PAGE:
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The Legacy of Tinker v. Des Moines Five Decades Later

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The Legacy of Tinker v. Des Moines Five Decades Later

Written by: Lane Barrette, Co-Editor

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The precedent set by Tinker v Des Moines gave students more rights to speech and press now than ever before.

“I use my freedom of speech every day whether I think of it as a right or not. [As a journalist], we have been able to cover several controversial topics and not be silenced,” said senior co-editor Trinity Krouse.

Fifty years ago on Feb. 24, 1969, the Supreme Court voted with a 7-2 decision in favor of student’s right to freedom of speech in public schools after being presented the case of Tinker v. Des Moines.

After the court ruling occurred, students’ rights became a normal precedented ideal in public education around the nation. States, such as Kansas, have passed legislation that grants student-run school media, such as school newspapers, complete protection from censorship from an administrator if no hate speech is used because of Tinker v Des Moines.

“A good example of something similar happening here would be the walkout last year. Some media outlets made it more of a story than it should have been. If the admin[istration] had been aware beforehand that the students wanted to voice their opinions, it would have been allowed as long as it doesn’t affect the school setting,” said athletic director Ross Schwisow.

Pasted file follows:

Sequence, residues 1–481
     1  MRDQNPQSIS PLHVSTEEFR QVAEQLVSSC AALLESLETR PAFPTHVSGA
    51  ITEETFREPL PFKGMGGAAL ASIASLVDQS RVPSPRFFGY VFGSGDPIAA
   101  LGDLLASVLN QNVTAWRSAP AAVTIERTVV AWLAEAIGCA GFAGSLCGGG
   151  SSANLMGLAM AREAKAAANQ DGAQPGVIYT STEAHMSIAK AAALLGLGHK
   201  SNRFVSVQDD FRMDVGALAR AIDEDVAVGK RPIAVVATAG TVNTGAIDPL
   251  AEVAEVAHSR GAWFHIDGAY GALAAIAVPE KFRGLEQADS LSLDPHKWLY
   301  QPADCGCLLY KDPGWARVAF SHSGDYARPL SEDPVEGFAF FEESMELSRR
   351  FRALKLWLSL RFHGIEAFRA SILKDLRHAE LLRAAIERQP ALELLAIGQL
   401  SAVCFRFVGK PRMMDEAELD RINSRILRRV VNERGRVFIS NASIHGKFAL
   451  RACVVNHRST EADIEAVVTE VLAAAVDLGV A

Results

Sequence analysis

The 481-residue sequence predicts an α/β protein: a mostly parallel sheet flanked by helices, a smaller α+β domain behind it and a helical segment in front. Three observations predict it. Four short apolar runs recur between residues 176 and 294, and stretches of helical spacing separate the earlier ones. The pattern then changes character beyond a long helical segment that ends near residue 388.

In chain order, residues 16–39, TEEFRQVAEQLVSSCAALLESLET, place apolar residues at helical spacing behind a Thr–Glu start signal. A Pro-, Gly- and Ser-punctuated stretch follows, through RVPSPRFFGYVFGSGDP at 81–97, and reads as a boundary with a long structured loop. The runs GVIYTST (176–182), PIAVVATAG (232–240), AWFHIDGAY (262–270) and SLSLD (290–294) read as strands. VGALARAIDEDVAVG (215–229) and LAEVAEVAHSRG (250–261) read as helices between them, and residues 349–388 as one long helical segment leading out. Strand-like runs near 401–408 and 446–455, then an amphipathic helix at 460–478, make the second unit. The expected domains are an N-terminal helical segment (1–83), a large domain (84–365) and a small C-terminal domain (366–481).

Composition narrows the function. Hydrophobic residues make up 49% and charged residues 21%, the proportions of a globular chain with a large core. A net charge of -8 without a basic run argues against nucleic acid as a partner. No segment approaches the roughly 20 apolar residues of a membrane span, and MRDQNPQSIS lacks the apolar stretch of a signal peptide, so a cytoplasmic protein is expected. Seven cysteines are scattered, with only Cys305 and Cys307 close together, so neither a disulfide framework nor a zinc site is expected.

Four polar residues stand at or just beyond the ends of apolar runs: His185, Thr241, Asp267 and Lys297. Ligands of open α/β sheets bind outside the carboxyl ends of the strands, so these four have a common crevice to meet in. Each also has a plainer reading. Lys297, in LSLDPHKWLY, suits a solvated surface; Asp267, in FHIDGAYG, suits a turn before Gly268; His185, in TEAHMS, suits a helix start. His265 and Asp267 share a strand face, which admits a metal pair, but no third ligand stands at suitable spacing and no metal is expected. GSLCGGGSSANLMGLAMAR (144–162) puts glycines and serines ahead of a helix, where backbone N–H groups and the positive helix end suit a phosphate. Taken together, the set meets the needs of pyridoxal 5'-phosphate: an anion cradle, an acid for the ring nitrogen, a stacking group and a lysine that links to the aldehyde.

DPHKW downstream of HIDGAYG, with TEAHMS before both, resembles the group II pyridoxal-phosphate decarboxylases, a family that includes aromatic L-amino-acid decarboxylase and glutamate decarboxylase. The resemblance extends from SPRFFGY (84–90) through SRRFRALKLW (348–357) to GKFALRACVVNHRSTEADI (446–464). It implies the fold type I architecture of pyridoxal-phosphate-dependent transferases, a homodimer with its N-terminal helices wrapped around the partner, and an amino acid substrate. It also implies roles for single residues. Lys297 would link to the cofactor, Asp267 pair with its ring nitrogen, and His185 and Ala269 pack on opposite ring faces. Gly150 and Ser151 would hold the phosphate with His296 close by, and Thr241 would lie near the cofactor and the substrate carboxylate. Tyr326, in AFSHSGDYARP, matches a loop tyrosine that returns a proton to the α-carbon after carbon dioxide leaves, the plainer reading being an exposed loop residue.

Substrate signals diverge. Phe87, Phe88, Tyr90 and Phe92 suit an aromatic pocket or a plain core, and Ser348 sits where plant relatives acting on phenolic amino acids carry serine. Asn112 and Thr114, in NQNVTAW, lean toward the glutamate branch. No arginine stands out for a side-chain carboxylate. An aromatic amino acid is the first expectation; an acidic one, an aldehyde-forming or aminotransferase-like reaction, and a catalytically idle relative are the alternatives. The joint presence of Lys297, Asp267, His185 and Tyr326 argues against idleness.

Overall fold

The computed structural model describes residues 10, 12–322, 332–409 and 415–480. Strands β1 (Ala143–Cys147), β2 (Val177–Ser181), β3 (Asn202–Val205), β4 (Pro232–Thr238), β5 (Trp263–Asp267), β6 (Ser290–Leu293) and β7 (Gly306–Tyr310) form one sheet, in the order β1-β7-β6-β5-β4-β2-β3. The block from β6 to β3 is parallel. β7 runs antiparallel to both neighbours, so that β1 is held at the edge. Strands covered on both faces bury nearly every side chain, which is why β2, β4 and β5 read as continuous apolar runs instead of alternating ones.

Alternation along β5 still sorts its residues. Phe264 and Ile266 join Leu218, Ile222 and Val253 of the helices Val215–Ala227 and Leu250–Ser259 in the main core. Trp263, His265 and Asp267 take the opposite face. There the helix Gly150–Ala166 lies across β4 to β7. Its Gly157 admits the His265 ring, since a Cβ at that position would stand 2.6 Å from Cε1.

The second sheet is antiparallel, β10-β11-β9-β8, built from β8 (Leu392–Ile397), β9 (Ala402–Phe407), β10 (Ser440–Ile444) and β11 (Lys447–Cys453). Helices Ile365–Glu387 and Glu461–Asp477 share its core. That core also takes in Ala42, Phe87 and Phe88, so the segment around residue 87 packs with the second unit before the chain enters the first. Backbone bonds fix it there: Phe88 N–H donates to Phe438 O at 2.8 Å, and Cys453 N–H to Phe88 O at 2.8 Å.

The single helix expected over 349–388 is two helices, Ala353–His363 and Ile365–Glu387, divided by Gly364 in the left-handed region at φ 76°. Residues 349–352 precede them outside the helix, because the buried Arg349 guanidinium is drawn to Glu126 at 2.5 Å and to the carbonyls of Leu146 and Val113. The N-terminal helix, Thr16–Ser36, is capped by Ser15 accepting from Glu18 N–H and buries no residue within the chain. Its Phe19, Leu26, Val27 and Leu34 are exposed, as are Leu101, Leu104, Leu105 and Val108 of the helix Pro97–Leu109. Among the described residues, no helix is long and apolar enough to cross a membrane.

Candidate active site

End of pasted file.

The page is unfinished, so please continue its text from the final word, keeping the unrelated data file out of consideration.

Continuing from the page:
In relation to a more similar comparison, BLHS admins would choose to analyze if the speech/article of clothing/flag/etc. was used as hate speech or rather just simply a display.

“We run into [issues] whenever students bring confederate flags to school. The school can make the argument that if something causes disruption, the administration can take a step. However, there is most of the time, not a complete cause, but rather a potential to cause, and as an admin, we can’t do anything if it’s just a potential to cause harm,” said superintendent David Howard.

The administration would refrain from interacting in these case because of the legal precedent, as well as their beliefs that scenarios like these allow students to learn how to respond to confrontation.

“Whenever we come across a student wearing or doing something that doesn’t seem to cause hatred but pressures confrontation, we use those as learning opportunities. Those individual students may receive some pushback or support from other students and as a result, becomes a learning opportunity to all students,” said Howard.

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The Legacy of Tinker v. Des Moines Five Decades Later